§ Lord Callaghan of Cardiff
My Lords, I was happy to give way to the noble Lord who gave me such good advice many years ago when he was chairman of the Parole Board. One of the questions asked by my noble friend was not adequately answered. If, before the incidents at Strangeways, any of us had been told that it would take 25 days to recover one of Her Majesty's prisons, we should have regarded that with absolute incredulity. While it is right to concentrate on the fundamental underlying causes, should we not also look at the tactics which were followed? Perhaps we should do so, especially in view of the continued reference that has been made to the governor's proposal to recover the prison after two days. I am sure the Minister will agree i that the 25-day lapse of time will cause profound \ consequences within the prison service for many years to come.
Without prejudging the accuracy of the statements will Lord Justice Woolf's inquiry cover not only the events leading up to the outbreak but also the tactics that were followed afterwards? Public opinion will be deeply disturbed by the length of time taken and the tactics that were followed. I do not believe that public opinion will be satisfied unless there is a detailed examination of the reasons why the course was followed. I do not wish to create difficulties between the governor and the Home Office, but does the Minister not agree that it is the Home Secretary, regardless of the advice that he received, who must accept responsibility for the tactics that were followed? I urge that the matter should be looked into.
My Lords, the noble Lord, Lord Callaghan, is entirely right in making that observation. He expressed the concern, which has been felt by everyone, that the events continued for a long time. From his experience as Home Secretary the noble Lord knows that my right honourable friend must accept responsibility.
Perhaps I may put this point to the noble Lord, because I think it is important. We all wanted to see it finished earlier. When an outbreak such as this occurs a great deal of thought is given to it. All kinds of different ideas are produced. Eventually one has 693 to decide on a policy. The policy that was concluded was that one should proceed by a form of attrition to try to wear down people rather than go into immediate confrontation. Everyone knew that there was chaos within the prison. There may have been boobytraps and if severe action had been taken it was very likely that loss of life might occur. Had that happened, the noble Lord, Lord Callaghan, might have accused my right honourable friend of having taken precipitate and over-quick action. He might have done that and others might have done so.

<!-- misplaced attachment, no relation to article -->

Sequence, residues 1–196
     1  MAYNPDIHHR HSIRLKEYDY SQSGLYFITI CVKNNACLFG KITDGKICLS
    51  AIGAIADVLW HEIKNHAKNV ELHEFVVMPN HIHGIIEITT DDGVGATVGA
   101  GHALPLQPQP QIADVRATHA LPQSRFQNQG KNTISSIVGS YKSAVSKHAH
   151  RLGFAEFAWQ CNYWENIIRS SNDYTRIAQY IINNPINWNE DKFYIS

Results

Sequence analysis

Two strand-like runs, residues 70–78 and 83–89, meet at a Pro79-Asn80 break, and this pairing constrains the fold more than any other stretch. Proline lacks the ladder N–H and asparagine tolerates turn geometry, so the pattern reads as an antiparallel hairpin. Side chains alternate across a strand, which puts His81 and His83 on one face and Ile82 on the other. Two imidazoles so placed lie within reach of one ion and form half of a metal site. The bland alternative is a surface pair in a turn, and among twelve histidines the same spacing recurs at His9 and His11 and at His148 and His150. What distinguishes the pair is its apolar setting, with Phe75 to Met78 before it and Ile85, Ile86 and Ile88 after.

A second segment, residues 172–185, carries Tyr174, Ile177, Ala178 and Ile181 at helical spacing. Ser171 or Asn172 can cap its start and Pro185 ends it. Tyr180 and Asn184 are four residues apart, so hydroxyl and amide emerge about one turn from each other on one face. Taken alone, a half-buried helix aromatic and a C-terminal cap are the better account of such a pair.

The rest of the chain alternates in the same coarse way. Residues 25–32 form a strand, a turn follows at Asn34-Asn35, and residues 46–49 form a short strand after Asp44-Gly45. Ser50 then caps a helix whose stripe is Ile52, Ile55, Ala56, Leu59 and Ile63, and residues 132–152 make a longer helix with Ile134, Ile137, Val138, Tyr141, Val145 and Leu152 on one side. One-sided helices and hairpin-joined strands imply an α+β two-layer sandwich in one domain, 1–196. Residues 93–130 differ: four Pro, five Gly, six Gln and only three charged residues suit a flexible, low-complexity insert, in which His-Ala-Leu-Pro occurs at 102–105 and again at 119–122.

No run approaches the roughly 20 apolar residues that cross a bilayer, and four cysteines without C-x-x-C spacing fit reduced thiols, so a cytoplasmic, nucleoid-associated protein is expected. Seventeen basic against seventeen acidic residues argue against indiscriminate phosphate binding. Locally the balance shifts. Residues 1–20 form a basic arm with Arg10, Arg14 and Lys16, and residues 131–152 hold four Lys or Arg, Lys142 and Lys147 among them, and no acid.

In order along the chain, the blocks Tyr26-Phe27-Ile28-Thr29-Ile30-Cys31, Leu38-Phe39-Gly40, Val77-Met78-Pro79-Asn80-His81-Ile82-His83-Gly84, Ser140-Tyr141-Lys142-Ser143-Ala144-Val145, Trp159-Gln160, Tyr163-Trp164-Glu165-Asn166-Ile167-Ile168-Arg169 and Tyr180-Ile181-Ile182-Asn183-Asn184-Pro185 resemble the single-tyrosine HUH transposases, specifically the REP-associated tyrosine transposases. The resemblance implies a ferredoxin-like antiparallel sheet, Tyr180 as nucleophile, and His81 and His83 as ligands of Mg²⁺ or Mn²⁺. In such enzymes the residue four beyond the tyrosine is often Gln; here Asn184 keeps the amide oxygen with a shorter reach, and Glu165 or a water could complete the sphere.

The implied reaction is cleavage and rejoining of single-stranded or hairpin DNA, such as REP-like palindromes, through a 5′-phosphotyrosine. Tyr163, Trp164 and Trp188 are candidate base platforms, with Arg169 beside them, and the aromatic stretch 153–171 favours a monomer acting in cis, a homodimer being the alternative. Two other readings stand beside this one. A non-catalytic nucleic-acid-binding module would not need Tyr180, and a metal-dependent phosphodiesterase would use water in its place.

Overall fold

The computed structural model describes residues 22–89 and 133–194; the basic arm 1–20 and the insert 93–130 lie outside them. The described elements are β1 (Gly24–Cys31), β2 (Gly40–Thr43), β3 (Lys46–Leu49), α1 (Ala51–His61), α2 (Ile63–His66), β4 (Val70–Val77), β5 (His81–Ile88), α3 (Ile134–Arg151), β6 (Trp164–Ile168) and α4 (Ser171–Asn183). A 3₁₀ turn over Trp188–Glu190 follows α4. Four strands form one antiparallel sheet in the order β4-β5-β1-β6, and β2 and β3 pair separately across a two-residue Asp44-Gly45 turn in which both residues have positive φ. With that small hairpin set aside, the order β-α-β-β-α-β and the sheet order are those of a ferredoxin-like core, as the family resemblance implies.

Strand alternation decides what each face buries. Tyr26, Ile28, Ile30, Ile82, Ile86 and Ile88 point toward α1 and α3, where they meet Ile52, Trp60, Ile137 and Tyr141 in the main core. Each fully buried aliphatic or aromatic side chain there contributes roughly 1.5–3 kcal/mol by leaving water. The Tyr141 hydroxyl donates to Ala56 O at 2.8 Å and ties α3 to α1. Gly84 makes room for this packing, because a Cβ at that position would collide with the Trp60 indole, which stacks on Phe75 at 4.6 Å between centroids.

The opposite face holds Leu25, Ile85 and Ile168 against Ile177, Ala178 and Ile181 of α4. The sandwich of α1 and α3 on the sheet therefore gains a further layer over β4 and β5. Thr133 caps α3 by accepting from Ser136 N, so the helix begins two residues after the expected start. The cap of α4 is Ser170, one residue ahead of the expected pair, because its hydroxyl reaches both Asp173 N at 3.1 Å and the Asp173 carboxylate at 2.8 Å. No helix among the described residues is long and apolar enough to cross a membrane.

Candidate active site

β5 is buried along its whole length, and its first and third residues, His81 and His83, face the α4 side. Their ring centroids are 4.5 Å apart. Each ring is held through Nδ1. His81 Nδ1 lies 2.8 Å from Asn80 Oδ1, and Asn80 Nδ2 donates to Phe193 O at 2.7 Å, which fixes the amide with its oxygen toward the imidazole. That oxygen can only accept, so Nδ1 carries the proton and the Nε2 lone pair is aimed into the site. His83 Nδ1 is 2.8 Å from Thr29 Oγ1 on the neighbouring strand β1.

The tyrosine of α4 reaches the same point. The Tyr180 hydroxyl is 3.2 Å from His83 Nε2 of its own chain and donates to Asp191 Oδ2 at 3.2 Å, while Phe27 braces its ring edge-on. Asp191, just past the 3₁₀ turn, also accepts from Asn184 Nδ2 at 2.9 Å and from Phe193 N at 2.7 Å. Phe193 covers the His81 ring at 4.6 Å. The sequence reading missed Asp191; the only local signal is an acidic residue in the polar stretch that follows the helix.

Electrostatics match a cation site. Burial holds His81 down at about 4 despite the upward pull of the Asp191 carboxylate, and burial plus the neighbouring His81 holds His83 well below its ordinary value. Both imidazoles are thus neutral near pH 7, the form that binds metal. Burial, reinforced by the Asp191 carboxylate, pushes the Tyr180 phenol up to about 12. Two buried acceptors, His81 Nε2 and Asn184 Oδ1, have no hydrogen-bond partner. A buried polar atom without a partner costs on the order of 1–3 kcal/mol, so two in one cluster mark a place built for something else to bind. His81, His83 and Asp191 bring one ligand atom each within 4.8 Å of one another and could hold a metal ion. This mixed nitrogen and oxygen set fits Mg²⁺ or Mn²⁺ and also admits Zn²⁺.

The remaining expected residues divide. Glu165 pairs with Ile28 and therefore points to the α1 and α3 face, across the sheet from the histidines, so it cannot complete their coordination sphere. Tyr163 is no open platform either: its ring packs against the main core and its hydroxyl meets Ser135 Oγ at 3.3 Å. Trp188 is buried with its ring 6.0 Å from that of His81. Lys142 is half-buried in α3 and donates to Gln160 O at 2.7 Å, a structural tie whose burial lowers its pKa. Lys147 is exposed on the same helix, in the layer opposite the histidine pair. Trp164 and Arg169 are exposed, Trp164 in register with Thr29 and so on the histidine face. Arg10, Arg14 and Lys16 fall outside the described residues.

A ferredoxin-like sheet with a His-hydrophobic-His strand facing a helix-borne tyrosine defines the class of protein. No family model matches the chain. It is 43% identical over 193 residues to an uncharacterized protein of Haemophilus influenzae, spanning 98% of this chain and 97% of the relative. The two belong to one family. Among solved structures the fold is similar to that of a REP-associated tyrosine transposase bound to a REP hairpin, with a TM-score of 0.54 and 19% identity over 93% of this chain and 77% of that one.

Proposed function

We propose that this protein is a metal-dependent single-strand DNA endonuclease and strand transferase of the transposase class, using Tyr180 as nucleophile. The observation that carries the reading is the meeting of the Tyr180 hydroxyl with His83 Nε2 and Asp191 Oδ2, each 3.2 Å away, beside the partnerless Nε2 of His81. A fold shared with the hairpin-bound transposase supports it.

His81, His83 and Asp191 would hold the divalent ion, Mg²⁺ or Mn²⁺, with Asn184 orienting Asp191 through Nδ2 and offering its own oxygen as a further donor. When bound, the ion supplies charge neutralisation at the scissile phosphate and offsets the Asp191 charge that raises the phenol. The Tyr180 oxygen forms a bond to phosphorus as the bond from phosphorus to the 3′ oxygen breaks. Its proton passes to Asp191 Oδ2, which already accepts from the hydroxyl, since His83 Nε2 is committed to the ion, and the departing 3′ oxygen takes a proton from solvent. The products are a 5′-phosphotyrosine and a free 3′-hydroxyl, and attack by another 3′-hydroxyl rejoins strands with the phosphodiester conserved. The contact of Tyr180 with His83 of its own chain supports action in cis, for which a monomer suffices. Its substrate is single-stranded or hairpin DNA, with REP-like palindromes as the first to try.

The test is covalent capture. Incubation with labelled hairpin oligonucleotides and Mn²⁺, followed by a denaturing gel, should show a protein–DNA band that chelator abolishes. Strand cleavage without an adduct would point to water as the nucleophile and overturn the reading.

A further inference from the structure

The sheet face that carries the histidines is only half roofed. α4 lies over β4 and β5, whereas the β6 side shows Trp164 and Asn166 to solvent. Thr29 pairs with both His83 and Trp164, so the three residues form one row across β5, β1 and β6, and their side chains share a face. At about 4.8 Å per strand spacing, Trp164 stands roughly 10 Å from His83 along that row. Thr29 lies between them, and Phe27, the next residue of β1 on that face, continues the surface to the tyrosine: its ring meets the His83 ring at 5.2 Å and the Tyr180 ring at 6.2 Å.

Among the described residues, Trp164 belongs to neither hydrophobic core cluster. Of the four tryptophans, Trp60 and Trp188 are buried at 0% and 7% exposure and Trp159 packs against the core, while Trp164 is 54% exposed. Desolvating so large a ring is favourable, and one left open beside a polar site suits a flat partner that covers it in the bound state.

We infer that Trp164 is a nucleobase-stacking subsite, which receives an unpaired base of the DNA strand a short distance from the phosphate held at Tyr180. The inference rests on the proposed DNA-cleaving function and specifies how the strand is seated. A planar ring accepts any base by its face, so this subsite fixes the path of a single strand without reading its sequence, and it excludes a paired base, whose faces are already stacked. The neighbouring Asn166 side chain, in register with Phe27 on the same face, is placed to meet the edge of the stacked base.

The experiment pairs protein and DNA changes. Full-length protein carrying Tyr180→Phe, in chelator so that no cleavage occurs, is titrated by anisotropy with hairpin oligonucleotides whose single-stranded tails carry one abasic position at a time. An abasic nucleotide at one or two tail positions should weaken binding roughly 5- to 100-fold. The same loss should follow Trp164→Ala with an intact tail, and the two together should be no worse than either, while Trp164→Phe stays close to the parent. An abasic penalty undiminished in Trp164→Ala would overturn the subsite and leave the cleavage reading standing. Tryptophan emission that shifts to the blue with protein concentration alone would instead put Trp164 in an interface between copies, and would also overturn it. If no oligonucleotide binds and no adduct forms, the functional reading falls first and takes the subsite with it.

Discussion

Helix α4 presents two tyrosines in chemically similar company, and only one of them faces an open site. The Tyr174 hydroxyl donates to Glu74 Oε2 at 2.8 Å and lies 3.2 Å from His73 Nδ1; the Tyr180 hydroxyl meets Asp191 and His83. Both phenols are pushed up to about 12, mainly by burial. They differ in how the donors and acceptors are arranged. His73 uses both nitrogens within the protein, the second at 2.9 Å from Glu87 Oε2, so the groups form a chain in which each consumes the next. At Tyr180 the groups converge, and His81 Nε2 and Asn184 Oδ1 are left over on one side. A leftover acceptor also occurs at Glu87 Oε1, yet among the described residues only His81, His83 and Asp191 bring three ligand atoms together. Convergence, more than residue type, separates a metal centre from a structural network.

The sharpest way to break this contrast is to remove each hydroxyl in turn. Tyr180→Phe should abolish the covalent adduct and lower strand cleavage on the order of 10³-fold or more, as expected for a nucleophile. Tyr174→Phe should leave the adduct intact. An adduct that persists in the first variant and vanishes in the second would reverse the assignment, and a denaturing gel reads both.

The noble Lord will also bear in mind that when the disturbances at Strangeways first occurred there were 1,600 people there and it was necessary to evacuate many of them. The prison staff were largely taken up in dealing with that. There were 200 prisoners left in the building and the number of staff available to try to take on 200 prisoners would have been disproportionately small. As it was, in the end there was a ratio of staff to prisoners of about 25 to 1 to deal with the situation. At the beginning there had been a ratio of about 2 to 1.
Of course that will be considered very carefully to see whether different action in different circumstances might be taken in the future. I can assure the noble Lord that Lord Justice Woolf's inquiry will enable him to investigate those matters. He is required to look into the events leading up to the serious disturbance and the action taken to bring it to a conclusion.
§ Lord Annan
My Lords, perhaps the noble Earl will meet a point which follows from one raised by the noble Lord, Lord Callaghan. Is it not always right that the commanding officer—in this case, the governor of the prison —is the person who is responsible for the place and that one follows his judgment unless in the event it proves to be the wrong judgment, when one has to take action? However, in this case it seems clear that he was overruled and quite different instructions then began to be given.
In 1974 I analysed many of the disturbances that took place in our universities. It became clear to me from that analysis that in many cases, if an injunction had been taken out against the students who were in revolt, there would have been peace within the university in a very short space of time. However, if a disturbance is once allowed to continue, one is in grave difficulties because it generates publicity.
That is one reason why I ask the noble Earl whether he will make a particular point of bringing to the attention of his right honourable friend the Home Secretary the necessity to back the judgment of the man on the spot.